CHICAGO (CN) - Suburban Chicago police shot a 95-year-old WWII veteran to death with bean bag rounds at short range because he refused to go to the hospital, his stepdaughter claims in court. Sharon Mangerson, stepdaughter of the late John Wrana Jr., sued the Village of Park Forest on Friday, and its police Officers Clifford Butz, Michael Baugh, Craig Taylor, Lloyd Elliot, Charlie Hoskins and Mitch Greer in Federal Court.
"On July 26, 2013, John Wrana, Jr., was twelve days shy of his 96th birthday and a resident at the Victory Center of Park Forest Assisted Living Center located in Park Forest, Illinois. On that date, Mr. Wrana was alone in his room, suffering from what the facility's staff believed were symptoms indicative of a urinary tract infection in an elderly person," the complaint begins.
Victory Center employees tried to get Wrana into an ambulance to go to the hospital for treatment, but he allegedly refused to leave his room. The defendant officers responded to employees' 911 call, and also were unable to persuade Wrana to leave his room and go to the hospital. The officers conferred and decided to seize Wrana by force, according to the complaint.
Upon entering the room, defendant Taylor fired "five rounds of bean bag cartridges from a 12 gauge shotgun within a distance of approximately only six to eight feet from Mr. Wrana, far less than the distance allowed for discharging that shotgun, and, consequently, savagely wounding and killing Mr. Wrana," the lawsuit states. "Mr. Wrana bled to death as a result of the shotgun wounds inflicted upon him by defendants. The Cook County Medical Examiner ruled that Mr. Wrana's death was a homicide caused by blunt force trauma to his abdomen as a result of shots fired from a bean bag shotgun."
The bean bag cartridges travel at approximately 190 miles an hour, and the manufacturer warns that "shots to the head, neck thorax, heart or spine can result in fatal injury," according to the complaint. After shooting Wrana, the officers handcuffed him, took photos of his injuries, and put him in a four-point restraint before transporting him to the hospital, the complaint states.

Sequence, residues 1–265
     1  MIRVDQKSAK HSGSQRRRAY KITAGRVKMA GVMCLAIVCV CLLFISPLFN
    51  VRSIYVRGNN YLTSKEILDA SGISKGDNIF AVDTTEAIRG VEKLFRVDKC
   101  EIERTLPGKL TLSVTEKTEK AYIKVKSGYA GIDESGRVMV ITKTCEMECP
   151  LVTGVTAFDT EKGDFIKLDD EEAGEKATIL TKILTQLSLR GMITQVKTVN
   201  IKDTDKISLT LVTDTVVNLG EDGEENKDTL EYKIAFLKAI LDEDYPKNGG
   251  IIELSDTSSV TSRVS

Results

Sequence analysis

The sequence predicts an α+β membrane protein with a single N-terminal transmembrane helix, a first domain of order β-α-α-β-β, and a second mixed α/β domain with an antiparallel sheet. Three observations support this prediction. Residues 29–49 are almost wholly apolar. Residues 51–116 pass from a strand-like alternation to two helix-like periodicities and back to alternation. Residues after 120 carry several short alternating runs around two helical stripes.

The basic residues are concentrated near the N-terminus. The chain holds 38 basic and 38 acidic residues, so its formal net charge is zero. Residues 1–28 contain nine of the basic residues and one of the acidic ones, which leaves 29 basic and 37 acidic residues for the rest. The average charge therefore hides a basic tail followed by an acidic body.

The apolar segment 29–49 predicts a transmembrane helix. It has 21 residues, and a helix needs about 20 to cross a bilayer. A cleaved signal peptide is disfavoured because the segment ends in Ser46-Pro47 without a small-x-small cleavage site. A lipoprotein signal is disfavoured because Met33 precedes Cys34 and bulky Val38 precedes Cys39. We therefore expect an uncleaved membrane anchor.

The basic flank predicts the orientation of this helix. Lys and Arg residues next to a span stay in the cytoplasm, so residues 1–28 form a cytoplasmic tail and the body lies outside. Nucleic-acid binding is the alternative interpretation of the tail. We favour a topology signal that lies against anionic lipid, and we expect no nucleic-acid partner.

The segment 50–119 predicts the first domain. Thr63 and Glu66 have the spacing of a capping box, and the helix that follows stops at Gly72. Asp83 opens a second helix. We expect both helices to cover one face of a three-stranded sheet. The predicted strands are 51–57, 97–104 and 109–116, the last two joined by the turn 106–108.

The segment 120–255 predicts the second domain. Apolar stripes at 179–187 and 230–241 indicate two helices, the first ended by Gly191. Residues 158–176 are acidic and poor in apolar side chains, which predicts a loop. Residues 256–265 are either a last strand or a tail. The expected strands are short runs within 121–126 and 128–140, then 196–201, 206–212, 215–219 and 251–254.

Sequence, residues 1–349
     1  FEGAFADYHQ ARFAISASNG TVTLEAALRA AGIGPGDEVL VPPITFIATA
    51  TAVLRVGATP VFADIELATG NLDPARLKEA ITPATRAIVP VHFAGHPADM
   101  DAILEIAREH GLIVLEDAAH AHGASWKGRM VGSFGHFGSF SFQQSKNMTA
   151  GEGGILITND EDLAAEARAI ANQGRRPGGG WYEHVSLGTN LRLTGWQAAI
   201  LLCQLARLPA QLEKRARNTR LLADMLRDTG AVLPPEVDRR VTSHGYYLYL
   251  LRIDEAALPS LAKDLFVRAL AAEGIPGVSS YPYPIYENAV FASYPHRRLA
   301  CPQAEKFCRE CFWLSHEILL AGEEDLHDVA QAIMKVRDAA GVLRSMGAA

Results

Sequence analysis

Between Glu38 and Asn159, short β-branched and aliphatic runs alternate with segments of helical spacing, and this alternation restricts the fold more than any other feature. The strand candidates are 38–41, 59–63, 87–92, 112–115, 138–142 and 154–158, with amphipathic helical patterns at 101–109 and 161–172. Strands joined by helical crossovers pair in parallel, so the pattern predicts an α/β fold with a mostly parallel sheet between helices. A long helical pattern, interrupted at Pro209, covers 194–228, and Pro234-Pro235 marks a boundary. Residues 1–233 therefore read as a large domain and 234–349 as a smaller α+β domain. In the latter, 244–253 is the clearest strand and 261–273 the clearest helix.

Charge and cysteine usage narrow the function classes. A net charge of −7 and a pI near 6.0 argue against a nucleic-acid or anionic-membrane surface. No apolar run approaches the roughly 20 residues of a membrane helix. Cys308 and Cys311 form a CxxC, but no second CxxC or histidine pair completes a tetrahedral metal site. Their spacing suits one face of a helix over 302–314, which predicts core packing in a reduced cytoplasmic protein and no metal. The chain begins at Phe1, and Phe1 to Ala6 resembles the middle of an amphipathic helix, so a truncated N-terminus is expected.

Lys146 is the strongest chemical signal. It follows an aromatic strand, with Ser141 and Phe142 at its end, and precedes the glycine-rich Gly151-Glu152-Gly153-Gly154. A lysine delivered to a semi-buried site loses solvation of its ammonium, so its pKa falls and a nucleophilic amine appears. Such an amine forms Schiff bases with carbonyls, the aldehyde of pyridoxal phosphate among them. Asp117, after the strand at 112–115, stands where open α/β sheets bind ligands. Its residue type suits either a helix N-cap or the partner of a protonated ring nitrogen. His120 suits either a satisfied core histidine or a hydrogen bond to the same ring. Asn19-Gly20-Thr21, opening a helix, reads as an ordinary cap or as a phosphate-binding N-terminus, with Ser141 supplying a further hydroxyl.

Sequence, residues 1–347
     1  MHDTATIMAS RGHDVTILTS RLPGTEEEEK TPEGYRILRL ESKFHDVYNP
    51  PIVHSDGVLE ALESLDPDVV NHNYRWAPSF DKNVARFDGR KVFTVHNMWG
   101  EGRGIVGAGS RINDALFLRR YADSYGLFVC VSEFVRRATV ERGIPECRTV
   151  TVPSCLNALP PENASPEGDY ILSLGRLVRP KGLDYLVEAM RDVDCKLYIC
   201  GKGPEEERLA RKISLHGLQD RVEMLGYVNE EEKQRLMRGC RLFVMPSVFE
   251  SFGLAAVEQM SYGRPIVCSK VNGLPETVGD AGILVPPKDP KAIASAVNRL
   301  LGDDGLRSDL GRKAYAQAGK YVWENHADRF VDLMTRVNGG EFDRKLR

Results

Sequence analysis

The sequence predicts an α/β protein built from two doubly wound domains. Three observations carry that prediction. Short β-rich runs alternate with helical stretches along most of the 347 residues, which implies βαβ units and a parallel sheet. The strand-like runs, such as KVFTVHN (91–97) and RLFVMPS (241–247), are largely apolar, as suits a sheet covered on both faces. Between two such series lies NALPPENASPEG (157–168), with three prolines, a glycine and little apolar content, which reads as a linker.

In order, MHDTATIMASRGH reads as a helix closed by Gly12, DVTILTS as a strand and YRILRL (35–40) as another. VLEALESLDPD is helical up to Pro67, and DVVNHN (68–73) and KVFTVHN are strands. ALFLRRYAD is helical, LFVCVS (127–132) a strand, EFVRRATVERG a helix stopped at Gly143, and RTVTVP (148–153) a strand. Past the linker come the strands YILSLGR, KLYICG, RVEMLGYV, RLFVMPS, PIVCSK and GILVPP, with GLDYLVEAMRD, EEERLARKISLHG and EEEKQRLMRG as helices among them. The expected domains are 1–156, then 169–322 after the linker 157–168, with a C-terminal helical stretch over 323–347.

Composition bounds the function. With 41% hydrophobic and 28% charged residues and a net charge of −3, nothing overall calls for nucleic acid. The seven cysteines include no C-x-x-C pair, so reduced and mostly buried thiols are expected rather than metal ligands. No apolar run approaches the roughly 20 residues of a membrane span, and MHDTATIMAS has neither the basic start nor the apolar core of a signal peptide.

"At all relevant times, Mr. Wrana was alone in his private residence and had committed no crime by refusing to be transported to the hospital. Defendants were without lawful authority to enter his residence, and there was no immediate lawful reason to implement any police action against Mr. Wrana, including the use of police tactical intervention," according to the complaint. Park Forest officials told the Chicago Tribune claim that Wrana brandished a knife or cane, which justified the officers' response.
But Wrana's stepdaughter says that Wrana needed "a cane or a walker to stand up, support him, and to walk," and he could not have been a threat to the officers. The estate seeks punitive damages for violation of due process, excessive force, unreasonable seizure, failure to train and supervise, conspiracy, wrongful death, assault and battery, and emotional distress. The estate is represented by Nicholas Grapsas, of Inverness, Ill. Park Forest, pop. 22,000, is south of Chicago.